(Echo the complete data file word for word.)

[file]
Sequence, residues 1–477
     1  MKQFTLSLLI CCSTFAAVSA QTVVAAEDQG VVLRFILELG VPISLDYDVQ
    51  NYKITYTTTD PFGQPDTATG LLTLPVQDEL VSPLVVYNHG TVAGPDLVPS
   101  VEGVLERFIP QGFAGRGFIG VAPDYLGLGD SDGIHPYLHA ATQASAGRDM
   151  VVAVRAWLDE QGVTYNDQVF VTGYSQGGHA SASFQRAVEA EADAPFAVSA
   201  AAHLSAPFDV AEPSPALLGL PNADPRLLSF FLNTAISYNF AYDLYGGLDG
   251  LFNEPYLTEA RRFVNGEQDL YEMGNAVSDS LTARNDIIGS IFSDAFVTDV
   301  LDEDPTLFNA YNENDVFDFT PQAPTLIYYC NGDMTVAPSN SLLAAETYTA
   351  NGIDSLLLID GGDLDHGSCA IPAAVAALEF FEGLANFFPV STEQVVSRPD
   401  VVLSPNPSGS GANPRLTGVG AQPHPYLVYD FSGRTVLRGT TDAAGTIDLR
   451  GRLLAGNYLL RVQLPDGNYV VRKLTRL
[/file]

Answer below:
Sequence, residues 1–477
     1  MKQFTLSLLI CCSTFAAVSA QTVVAAEDQG VVLRFILELG VPISLDYDVQ
    51  NYKITYTTTD PFGQPDTATG LLTLPVQDEL VSPLVVYNHG TVAGPDLVPS
   101  VEGVLERFIP QGFAGRGFIG VAPDYLGLGD SDGIHPYLHA ATQASAGRDM
   151  VVAVRAWLDE QGVTYNDQVF VTGYSQGGHA SASFQRAVEA EADAPFAVSA
   201  AAHLSAPFDV AEPSPALLGL PNADPRLLSF FLNTAISYNF AYDLYGGLDG
   251  LFNEPYLTEA RRFVNGEQDL YEMGNAVSDS LTARNDIIGS IFSDAFVTDV
   301  LDEDPTLFNA YNENDVFDFT PQAPTLIYYC NGDMTVAPSN SLLAAETYTA
   351  NGIDSLLLID GGDLDHGSCA IPAAVAALEF FEGLANFFPV STEQVVSRPD
   401  VVLSPNPSGS GANPRLTGVG AQPHPYLVYD FSGRTVLRGT TDAAGTIDLR
   451  GRLLAGNYLL RVQLPDGNYV VRKLTRL